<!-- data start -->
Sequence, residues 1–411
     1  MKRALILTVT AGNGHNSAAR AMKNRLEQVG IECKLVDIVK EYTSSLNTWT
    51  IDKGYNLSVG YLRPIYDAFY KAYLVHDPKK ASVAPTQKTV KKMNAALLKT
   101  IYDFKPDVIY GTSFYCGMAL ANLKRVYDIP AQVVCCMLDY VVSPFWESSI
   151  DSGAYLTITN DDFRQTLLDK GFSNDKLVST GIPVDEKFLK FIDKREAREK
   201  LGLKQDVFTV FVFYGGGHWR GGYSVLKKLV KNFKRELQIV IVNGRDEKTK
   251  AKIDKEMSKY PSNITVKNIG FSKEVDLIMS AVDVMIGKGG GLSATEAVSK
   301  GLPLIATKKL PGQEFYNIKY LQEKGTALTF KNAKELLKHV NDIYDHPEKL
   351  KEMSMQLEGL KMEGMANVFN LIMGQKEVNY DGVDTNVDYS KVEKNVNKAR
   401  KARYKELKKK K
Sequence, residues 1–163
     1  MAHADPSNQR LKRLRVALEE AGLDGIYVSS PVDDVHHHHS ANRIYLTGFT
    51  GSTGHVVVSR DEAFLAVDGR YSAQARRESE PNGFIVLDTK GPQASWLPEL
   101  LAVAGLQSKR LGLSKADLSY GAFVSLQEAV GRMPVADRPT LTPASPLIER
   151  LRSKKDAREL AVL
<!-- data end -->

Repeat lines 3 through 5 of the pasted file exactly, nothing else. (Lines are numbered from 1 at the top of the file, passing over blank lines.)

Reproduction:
    51  IDKGYNLSVG YLRPIYDAFY KAYLVHDPKK ASVAPTQKTV KKMNAALLKT
   101  IYDFKPDVIY GTSFYCGMAL ANLKRVYDIP AQVVCCMLDY VVSPFWESSI
   151  DSGAYLTITN DDFRQTLLDK GFSNDKLVST GIPVDEKFLK FIDKREAREK